To have God, is to know and acknowledge that he is God, that he is one, that he is such a one as he has revealed himself in the church, and that he is also such a God to us: then it is to trust in him alone, with the greatest humility and patience—to submit ourselves to him with fear and reverence—to love him and to expect all good things from him alone.” (Ursinus, Commentary on the Heidelberg Catechism, p. 508).

Love God in the Lord Jesus Christ. The First and Second Commandments are related. Although there is a proper distinction, they are close. The sanctions of Exodus 20:5,6 apply to both. God’s rich blessings are promised, and God is jealous for his own worship. On another mountain, roughly a millennium and a half later, God again revealed himself in glory. Again he spoke. And he said, “This is my beloved Son. Listen to him.” The promised blessings are yours only in Christ. The law is a standard or compass. It reveals your direction. If you are really honest, you see yourself as an idolater. Thus you fall under the sanctions of the law. You deserve death. Even many religious people find offensive Jesus’ claim to exclusivity. He said, “I am the way, the truth, and the life.No one comes to the Father, except through me.” That bothers many, but, because Jesus Christ is the one living and true God, incarnate for your salvation, his claim is true. Its rejection is the ultimate idolatry. Only the God-man, Jesus Christ, offered God the perfect loyalty and worship he requires. He is the one Man who truly and perfectly put God first in his every action, word, and thought. Because of his obedience in your place you can enjoy God’s blessing instead of enduring his judgment. God has placed on your account the perfect worship and obedience of his Son, and then on him the guilt and punishment due you for your idolatry.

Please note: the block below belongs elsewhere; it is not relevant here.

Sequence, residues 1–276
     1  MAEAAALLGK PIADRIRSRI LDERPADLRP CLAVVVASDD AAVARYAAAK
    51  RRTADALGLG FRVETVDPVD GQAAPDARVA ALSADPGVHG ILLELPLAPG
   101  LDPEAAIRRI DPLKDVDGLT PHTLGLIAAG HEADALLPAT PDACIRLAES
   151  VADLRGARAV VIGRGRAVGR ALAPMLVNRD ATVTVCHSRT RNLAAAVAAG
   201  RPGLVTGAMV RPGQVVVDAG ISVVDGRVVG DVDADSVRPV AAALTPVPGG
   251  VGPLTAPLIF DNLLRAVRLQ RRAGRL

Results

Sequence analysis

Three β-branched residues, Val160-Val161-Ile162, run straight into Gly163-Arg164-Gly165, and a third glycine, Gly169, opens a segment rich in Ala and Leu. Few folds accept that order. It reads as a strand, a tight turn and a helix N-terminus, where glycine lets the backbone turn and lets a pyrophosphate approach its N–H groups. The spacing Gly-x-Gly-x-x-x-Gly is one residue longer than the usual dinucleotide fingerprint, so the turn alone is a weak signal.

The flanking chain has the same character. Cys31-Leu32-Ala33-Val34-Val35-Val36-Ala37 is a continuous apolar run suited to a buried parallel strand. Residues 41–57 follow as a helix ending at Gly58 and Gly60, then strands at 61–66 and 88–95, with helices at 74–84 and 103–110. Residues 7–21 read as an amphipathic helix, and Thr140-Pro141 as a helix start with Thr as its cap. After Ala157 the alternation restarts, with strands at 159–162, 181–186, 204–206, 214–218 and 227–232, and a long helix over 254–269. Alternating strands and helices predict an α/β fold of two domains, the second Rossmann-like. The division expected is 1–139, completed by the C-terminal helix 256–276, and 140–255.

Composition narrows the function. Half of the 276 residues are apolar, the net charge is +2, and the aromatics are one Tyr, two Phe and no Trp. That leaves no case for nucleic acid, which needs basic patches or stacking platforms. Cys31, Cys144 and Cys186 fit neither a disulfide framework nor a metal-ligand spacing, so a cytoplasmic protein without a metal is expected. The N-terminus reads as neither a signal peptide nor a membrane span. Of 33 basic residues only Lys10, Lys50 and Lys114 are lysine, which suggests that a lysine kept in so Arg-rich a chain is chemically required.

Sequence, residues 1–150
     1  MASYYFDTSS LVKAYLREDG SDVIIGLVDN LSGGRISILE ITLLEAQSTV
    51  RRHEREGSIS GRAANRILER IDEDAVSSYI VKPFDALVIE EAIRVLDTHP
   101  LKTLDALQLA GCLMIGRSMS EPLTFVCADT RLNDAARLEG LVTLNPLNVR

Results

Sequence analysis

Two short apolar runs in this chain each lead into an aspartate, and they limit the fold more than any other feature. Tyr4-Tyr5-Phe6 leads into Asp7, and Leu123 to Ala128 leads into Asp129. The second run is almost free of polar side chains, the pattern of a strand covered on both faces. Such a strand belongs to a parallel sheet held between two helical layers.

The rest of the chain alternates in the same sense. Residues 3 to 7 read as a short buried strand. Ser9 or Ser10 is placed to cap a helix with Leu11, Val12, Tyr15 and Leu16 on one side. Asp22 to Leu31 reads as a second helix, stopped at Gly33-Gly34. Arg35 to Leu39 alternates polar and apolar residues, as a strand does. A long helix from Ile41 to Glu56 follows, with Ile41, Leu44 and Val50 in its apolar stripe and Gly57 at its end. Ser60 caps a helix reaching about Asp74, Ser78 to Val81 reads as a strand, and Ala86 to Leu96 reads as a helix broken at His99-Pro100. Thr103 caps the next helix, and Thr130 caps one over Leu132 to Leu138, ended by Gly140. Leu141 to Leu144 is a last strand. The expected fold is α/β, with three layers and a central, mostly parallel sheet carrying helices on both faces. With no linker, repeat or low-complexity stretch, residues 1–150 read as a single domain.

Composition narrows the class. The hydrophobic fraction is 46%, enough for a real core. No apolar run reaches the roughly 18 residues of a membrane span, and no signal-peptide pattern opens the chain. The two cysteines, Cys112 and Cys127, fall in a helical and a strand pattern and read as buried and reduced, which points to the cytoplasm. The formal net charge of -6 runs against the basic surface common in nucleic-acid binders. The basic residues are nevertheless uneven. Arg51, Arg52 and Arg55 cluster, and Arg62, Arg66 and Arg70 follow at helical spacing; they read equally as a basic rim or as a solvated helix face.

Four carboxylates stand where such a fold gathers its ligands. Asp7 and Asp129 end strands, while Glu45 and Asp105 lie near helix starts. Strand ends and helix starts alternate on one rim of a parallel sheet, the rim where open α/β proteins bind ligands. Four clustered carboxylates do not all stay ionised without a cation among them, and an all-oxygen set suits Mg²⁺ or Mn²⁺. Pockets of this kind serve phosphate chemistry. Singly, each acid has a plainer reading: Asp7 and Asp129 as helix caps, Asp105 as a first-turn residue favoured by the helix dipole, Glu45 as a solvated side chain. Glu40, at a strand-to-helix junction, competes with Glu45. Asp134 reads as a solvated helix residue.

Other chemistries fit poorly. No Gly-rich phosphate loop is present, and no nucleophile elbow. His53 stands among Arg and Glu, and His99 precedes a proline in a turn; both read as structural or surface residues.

How does John, the beloved disciple, John who heard the Father’s voice of approbation for his Son on the mountain, how does this John conclude his first epistle? After sounding rounds on the Father’s love to us in his Son, after rejoicing in the redemptive work of Christ, after urging his hearers to love each other, John says, “Beloved children, keep yourselves from idols.” Those words are addressed to me. They are addressed to you.

About jwm

I serve as pastor of Trinity Presbyterian Church, Newberg, Oregon.
This entry was posted in Reflections. Bookmark the permalink.

Comments are closed.